“Young women attempted to navigate young men’s coercive behaviors yet frequently resorted to compliance,” writes the study’s author Sara Thomas, from the school of education and social policy at Northwestern University. (The study focused on women’s experiences with digital drama or experiences they felt were inappropriate, so there is an element of selection bias—some girls may want to send photos, or request photos themselves.) Importantly, the question for the girls in the study wasn’t whether or not to send sexts, it was how to navigate pressure from boys. The simplest way to resolve the issue? Telling boys to cut it out.
Damour says rules have obvious limitations with teens—they love to defy them. But she also argues that rules can influence social norms. If kids get the message that requesting a nude photo is as problematic as sending one, teens might feel they have recourse when they want to say no.
“In talking about sexting with both daughters and sons, parents might say, “We don’t want you to share nude photos of yourself — even with someone you really care about and trust — because doing so puts you in a terrible position. The relationship might change, or that person could simply lose track of their phone. It’s just not worth the risk.” To that we should add, “And it’s not O.K. to request naked pictures because then you are putting someone else in a terrible position. Don’t do that either.”
For parents, talking about sex is hard. But there’s abundant evidence that we are falling short on the basics, including consent in a digitally drenched world. More than 60% of kids in a nationally representative survey of more than 3,000 students by Harvard’s Making Caring Common project had never spoken with their parents about “being sure your partner wants to have sex and is comfortable doing so before having sex,” and a similar share had never talked about the “importance of not pressuring someone to have sex with you.”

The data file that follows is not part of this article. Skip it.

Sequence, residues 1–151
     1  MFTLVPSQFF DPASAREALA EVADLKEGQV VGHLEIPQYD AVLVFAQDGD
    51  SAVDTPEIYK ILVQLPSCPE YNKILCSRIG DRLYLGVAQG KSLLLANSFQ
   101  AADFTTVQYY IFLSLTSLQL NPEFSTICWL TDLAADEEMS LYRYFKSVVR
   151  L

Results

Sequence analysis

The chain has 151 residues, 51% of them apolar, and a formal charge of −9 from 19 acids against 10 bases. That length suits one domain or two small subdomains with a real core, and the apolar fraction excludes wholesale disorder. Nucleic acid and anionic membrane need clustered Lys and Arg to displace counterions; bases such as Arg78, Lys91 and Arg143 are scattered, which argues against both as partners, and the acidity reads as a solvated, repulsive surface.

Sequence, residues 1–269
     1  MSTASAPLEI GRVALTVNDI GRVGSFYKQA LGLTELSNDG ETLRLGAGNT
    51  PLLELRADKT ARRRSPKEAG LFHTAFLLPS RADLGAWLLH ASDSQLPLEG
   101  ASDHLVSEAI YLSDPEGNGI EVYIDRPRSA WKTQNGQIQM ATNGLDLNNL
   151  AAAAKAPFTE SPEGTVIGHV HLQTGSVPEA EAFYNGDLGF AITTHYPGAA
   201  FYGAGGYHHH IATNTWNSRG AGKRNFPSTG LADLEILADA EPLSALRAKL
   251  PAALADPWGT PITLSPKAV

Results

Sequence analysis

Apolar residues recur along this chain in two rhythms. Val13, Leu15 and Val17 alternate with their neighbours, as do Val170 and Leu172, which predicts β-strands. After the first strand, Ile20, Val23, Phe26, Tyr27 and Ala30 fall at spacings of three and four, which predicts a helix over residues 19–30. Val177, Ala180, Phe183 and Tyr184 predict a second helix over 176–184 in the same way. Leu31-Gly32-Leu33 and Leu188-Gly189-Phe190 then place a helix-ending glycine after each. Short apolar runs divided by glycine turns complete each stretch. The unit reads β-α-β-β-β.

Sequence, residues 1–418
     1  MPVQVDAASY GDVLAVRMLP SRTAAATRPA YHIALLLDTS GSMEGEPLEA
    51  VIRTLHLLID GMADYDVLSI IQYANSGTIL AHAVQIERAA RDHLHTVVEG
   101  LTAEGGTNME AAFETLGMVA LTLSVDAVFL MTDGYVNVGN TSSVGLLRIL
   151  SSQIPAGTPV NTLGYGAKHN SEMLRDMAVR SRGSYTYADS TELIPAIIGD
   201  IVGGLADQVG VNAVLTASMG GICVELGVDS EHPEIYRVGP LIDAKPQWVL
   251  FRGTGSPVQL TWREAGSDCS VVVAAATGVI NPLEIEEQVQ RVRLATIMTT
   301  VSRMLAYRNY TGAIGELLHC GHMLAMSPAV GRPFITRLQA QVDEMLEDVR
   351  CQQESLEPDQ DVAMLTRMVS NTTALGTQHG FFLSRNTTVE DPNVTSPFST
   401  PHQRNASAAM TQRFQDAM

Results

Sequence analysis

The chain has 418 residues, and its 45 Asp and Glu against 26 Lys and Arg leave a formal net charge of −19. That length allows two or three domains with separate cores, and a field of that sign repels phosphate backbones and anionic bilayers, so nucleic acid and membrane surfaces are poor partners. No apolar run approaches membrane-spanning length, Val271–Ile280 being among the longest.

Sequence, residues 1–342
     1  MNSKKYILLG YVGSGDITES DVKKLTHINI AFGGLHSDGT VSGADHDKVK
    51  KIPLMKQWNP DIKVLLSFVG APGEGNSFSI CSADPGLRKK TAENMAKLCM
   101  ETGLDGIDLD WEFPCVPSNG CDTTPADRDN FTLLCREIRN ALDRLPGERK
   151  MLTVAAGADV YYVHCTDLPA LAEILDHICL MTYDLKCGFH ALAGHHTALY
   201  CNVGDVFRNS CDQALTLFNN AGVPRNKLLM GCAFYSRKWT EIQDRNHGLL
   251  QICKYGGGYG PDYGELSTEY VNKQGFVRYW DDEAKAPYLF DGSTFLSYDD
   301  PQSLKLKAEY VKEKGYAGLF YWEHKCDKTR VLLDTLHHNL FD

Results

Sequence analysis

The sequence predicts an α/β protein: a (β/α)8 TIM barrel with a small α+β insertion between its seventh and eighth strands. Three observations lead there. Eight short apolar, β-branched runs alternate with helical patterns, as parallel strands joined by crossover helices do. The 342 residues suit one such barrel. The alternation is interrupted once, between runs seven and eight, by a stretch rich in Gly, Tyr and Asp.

This is scary for a number of reasons—including the implications for sexual harassment and assault. According to the Harvard report, two-thirds of teenagers agreed with or didn’t oppose the idea that government and media overhype sexual harassment. Richard Weissbourg, faculty director of the Making Caring Common project, said he was “flabbergasted” by how many respondents felt there was too much attention to sexual harassment in the media.
Yet these issues are quite likely to affect teenagers personally. One in five women reported being sexually assaulted during college, according to a 2016 national report (pdf) from the National Sexual Violence Resource Center found. Half of women will experience some kind of sexual harassment in their lifetime, the Economist says.
By spending more time talking to boys about why it is not okay to ask a young girl for a nude photo, we are also helping girls navigate the deeply complex world of sexuality in their youth and eventual adulthood. Thomas, from Northwestern, framed it well when she wrote that “Public discourse has positioned women as largely responsible for men’s sexuality, leaving women in charge of simultaneously pleasing and tempering men’s sexual desires.” It’s not fair to put girls in that position. So it’s time to tell everyone that requesting nude photos is not okay—and make sure the boys are getting the message.